I’ve been a big believer that, despite all its flaws, the Krakoa era has been a positive direction for the franchise, giving us opportunities for a fresh take, interesting story avenues, and to shine a light on characters who haven’t been used properly in years. But that promise is kind of being wasted by some baffling decisions. Williams has her book ripped out from under her and yet Ayala and Howard are being given two titles a month?

  8. Drew says:

    Well, never mind my art error theory — Vita Ayala confirmed on Twitter that Shan chose to be resurrected with her leg still missing.

    It’s obviously a dicey situation, and I believe the statistics that there are many individuals with missing limbs who say if they could be magically healed, they wouldn’t choose that. I personally think Shan’s situation is rather different for a variety of reasons, but I can’t really speak to the mentality either, so I’ll just shut up now.

  9. Chris V says:

    Perhaps it’s about authenticity with some characters.
    Xavier says these resurrected bodies are not clones, he is putting the souls of individuals back in their bodies.
    Maybe the fact that Shan’s last memories are a life where she is missing a limb, if she awoke and that suddenly wasn’t her reality, perhaps it would be too jarring.
    Perhaps the dissonance would cause her to doubt that it was really her, and be skeptical of Xavier’s claims.

  10. Loz says:

    I have to believe that despite the amnesty given to enemies like Apocalypse, Mr Sinister, the Marauders, the Hellfire Club and the like, that even Xavier must have baulked a little on seeing Farouk’s name on the resurrection list. That he, Emma and Jean, along with Proteus, must have done something to safeguard themselves, seeing as his m.o. is to get people on an island to get kinky and then turn evil. I mean, I know that characterisation in these comics is limited to having Logan occasionally call people ‘bub’ and that writers on a tough deadline may just have characters make illogical decisions just to help get the comic to the next fight scene, but even they can’t be cutting this big a corner right?

    Still, they’re bringing Onslaught back, maybe the two will collide and cancel each other out in a puff of non-smoke?

  11. Jon R says:

    Oh yeah, Loz’s reminded me of that aspect. This would definitely be a lot easier to go with if it were just Farouk still alive and coming onto Krakoa for asylum. The fact they resurrected him when there’s a long list of other people still to go is a huge red flag. Mystique should be screaming at Xavier and Magneto over this.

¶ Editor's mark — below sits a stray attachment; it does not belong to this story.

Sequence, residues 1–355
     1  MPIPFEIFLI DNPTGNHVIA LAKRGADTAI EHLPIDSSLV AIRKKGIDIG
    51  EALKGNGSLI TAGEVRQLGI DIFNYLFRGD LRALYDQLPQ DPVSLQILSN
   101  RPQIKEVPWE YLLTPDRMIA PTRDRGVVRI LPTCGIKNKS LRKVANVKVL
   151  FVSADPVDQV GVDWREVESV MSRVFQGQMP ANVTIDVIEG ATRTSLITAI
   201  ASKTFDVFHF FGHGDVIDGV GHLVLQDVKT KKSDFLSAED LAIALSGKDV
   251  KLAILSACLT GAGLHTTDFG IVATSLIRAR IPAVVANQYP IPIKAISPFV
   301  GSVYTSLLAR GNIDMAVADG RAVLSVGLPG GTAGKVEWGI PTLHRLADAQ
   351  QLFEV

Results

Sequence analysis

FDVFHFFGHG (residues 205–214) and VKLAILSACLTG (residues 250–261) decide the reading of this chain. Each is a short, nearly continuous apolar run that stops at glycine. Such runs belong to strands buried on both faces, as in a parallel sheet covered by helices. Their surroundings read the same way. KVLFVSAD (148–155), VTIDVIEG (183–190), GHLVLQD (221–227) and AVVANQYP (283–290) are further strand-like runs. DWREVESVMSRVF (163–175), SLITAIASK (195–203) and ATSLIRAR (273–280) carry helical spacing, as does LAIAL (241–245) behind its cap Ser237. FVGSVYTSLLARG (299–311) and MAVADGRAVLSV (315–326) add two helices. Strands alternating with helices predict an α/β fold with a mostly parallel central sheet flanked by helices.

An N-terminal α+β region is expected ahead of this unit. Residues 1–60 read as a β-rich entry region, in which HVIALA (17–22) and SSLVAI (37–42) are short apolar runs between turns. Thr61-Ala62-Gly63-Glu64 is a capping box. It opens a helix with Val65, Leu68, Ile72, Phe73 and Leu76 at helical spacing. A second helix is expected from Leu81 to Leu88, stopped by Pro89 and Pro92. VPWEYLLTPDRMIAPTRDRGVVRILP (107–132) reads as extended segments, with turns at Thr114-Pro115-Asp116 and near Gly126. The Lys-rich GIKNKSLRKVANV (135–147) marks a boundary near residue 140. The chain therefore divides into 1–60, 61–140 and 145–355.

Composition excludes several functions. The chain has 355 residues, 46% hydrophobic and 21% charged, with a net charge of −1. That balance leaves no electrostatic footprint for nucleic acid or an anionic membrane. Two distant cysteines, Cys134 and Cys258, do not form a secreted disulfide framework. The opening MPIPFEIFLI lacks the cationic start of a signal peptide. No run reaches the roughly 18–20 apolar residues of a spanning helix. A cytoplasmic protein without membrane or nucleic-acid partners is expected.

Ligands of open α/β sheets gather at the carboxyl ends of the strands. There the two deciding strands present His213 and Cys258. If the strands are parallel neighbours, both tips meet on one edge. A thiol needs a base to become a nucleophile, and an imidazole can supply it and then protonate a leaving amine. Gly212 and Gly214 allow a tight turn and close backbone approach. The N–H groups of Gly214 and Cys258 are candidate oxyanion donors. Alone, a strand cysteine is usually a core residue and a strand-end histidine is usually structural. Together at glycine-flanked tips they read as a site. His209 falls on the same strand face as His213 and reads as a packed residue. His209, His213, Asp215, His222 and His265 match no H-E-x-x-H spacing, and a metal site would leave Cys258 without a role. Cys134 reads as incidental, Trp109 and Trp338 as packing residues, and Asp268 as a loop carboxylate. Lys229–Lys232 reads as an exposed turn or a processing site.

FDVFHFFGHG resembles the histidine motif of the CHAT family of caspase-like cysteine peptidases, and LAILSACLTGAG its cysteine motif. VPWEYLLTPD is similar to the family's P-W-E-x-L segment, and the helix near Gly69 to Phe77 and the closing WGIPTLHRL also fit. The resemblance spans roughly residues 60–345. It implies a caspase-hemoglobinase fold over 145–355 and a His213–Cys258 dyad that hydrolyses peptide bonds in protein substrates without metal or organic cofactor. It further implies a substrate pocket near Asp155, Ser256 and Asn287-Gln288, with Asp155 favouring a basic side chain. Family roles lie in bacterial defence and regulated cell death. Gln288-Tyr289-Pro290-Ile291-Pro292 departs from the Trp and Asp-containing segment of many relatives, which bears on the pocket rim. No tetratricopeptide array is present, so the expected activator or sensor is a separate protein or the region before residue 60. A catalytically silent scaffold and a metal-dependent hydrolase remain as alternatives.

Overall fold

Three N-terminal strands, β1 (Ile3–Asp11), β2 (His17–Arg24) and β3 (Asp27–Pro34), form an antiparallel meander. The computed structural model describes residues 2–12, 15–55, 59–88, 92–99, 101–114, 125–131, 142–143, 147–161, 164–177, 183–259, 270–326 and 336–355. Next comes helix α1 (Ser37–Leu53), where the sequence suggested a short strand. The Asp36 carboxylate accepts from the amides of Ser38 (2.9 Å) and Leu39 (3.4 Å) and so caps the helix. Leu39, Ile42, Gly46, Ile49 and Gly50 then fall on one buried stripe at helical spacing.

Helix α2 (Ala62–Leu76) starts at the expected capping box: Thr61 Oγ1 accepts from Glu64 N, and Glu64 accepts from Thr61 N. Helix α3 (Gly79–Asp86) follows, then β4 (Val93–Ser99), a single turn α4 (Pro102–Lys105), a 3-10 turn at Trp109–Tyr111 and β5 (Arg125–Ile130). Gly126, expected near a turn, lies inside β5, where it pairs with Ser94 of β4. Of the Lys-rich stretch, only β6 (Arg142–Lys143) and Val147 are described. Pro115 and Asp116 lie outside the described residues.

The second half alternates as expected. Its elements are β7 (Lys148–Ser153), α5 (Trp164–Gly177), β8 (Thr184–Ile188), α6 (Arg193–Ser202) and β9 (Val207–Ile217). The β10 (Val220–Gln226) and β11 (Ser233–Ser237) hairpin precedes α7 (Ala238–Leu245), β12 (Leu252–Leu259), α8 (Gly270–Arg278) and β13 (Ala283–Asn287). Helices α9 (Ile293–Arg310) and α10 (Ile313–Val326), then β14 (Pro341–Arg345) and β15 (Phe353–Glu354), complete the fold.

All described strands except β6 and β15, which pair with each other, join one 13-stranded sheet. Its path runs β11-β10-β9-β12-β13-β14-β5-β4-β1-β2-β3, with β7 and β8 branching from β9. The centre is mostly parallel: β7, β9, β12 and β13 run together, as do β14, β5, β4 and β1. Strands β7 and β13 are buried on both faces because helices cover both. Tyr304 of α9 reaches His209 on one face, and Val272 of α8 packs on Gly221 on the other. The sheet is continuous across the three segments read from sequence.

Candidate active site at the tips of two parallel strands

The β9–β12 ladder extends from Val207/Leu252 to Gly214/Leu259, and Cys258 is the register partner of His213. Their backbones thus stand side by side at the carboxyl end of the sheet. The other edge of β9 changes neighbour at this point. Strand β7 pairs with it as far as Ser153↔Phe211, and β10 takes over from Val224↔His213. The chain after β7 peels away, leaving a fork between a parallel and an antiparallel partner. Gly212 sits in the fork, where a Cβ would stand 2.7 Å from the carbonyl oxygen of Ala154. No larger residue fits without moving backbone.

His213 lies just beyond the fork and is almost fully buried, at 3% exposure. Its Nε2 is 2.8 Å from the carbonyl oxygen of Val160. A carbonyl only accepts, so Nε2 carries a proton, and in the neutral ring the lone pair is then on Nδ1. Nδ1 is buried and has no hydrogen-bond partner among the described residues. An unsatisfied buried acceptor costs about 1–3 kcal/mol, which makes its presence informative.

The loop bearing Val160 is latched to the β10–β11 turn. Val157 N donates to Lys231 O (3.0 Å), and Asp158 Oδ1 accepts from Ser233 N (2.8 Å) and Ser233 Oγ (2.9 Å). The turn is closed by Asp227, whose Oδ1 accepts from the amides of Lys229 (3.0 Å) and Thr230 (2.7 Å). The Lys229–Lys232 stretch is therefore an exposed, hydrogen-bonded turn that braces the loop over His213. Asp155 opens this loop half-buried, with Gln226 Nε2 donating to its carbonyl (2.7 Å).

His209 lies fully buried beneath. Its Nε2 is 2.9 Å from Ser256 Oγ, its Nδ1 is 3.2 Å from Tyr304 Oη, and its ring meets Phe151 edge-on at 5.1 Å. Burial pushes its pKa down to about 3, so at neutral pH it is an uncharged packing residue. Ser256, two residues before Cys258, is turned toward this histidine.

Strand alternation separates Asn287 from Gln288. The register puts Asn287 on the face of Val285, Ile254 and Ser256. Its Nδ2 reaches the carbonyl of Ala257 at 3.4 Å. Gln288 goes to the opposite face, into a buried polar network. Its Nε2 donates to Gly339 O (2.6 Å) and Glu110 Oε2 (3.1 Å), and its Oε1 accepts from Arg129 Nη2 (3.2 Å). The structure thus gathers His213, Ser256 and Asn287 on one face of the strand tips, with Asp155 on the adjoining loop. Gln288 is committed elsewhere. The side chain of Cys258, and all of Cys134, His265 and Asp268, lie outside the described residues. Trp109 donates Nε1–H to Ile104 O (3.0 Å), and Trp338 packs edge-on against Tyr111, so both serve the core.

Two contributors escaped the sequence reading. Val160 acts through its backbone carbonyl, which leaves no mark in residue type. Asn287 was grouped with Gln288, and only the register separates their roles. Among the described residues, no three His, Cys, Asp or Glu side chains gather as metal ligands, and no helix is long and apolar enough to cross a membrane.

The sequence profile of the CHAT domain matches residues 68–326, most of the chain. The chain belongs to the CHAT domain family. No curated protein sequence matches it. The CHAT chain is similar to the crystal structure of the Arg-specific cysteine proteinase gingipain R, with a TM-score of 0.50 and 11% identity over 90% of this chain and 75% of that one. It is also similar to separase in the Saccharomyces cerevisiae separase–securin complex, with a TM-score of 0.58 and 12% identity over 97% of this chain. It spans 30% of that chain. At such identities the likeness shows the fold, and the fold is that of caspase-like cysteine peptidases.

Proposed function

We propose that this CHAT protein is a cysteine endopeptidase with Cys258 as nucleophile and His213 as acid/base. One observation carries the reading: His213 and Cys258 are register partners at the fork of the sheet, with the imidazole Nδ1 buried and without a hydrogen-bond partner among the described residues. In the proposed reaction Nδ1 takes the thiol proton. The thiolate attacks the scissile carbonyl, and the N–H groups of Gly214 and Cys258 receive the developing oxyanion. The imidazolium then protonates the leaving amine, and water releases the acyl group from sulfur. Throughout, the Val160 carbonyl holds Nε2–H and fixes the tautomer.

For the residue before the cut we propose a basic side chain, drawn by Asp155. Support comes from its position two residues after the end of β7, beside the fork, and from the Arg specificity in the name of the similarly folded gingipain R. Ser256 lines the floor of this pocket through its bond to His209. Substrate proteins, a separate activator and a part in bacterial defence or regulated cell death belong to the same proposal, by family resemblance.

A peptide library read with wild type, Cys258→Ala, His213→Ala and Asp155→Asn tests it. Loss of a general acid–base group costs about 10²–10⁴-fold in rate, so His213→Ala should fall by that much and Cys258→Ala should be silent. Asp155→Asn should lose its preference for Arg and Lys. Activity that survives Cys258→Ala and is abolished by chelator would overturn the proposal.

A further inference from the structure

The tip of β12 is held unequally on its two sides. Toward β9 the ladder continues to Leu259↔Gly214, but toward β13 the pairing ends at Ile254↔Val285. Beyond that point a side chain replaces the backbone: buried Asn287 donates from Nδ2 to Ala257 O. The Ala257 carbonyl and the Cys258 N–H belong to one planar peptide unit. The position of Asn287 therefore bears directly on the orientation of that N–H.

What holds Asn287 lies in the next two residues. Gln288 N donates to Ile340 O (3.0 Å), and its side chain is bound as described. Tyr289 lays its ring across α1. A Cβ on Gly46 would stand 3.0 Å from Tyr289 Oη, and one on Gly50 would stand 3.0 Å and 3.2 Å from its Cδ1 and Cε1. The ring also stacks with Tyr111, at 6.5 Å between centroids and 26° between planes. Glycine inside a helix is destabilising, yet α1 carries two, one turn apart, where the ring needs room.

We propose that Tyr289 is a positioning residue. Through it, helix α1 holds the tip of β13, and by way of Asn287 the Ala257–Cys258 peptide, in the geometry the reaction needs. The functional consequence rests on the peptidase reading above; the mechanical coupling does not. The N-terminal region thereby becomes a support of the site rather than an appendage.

*Why* wouldn’t he be on the end of the list? His power being useful? Then he probably should have been shown being of real use at some point, like in the Empyre crossover. Making a statement that Krakoa really is for all mutants regardless of sins? Then he should have been advertised publicly early on. Make him a poster boy for mutants who are preyed upon by things outside their control and twisted up into evil who now have a second chance? Ditto.

  12. Chris V says:

    I have no problem with Amahl Farouk on the island. It would’ve been interesting to see him without the parasitic possession, and what type of person he was before the Shadow King.

    The biggest problem is that the Shadow King isn’t a mutant. He shouldn’t be allowed on the island, because he is a being of pure hate whose goal was a war between humans and mutants leading to genocide of mutants.
    As Allan M said, it’s the equivalent of bringing the Trasks to the island.

    The only sense I can make of it is that Marvel editorial doesn’t realize that the Shadow King is not a mutant.
    Didn’t this happen in the Age of Apicalypse too? I thought that they, technically, made the Shadow King a mutant in that story.

    If Hickman thinks that the Shadow King is a mutant, then he would have very great mutant powers.
    Still, he wasn’t listed on the Omega-level mutant list.

  13. Jon R says:

    Chris V: I don’t think the Shadow King is allowed on the island. Rahne was calling him Farouk last issue, and the ‘kids’ are the only ones calling him Shadow King. I think what’s going on is that Farouk is privately embracing the name for himself while publicly running the sympathetic line he gave Rahne last issue. He’s not the Shadow King entity but he’s still twisted by it.

    The problem is that we’re dropped into this with no context and have to dig around with spoons to figure out exactly what they’re going for.

  14. Chris V says:

    So, it’s his “mutant name”. Makes sense, if accurate.

    I could see Xavier’s conversation with Mystique.
    “He’s my oldest enemy. Did you realize he was actually the reason I first thought to found the X-Men? I saw there were evil mutants who would prey on humanity. If I didn’t make priority for him, then how can I say that Krakoa is for all mutants? You want me to resurrect Destiny, but how many would judge me if I didn’t give priority to him, saying Professor X won’t resurrect Farouk because they were always arch-enemies. I must show I am not biased, Mystique.”

    It could make an interesting scene…if anyone cared about characterization and narrative during Hickman’s tenure.

  15. Jon R says:

    Yes! This whole thing has so many interesting threads that someone could use, and it’s just kind of sad.